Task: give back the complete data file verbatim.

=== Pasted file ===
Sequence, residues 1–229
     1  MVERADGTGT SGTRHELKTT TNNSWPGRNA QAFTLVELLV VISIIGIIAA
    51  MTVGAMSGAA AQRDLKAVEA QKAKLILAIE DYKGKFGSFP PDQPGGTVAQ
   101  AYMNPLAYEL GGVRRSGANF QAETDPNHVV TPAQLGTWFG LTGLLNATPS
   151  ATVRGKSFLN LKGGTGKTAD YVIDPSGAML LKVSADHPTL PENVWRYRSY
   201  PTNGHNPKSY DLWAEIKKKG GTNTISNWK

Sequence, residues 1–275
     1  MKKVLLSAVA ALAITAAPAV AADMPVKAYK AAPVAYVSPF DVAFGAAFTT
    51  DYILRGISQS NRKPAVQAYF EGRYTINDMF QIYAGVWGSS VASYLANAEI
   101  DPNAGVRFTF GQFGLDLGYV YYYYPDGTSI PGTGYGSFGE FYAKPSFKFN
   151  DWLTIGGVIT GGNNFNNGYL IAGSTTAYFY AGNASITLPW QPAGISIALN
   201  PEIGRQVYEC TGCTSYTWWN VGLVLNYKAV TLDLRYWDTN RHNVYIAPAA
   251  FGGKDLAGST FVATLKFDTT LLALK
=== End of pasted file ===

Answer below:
Sequence, residues 1–229
     1  MVERADGTGT SGTRHELKTT TNNSWPGRNA QAFTLVELLV VISIIGIIAA
    51  MTVGAMSGAA AQRDLKAVEA QKAKLILAIE DYKGKFGSFP PDQPGGTVAQ
   101  AYMNPLAYEL GGVRRSGANF QAETDPNHVV TPAQLGTWFG LTGLLNATPS
   151  ATVRGKSFLN LKGGTGKTAD YVIDPSGAML LKVSADHPTL PENVWRYRSY
   201  PTNGHNPKSY DLWAEIKKKG GTNTISNWK

Sequence, residues 1–275
     1  MKKVLLSAVA ALAITAAPAV AADMPVKAYK AAPVAYVSPF DVAFGAAFTT
    51  DYILRGISQS NRKPAVQAYF EGRYTINDMF QIYAGVWGSS VASYLANAEI
   101  DPNAGVRFTF GQFGLDLGYV YYYYPDGTSI PGTGYGSFGE FYAKPSFKFN
   151  DWLTIGGVIT GGNNFNNGYL IAGSTTAYFY AGNASITLPW QPAGISIALN
   201  PEIGRQVYEC TGCTSYTWWN VGLVLNYKAV TLDLRYWDTN RHNVYIAPAA
   251  FGGKDLAGST FVATLKFDTT LLALK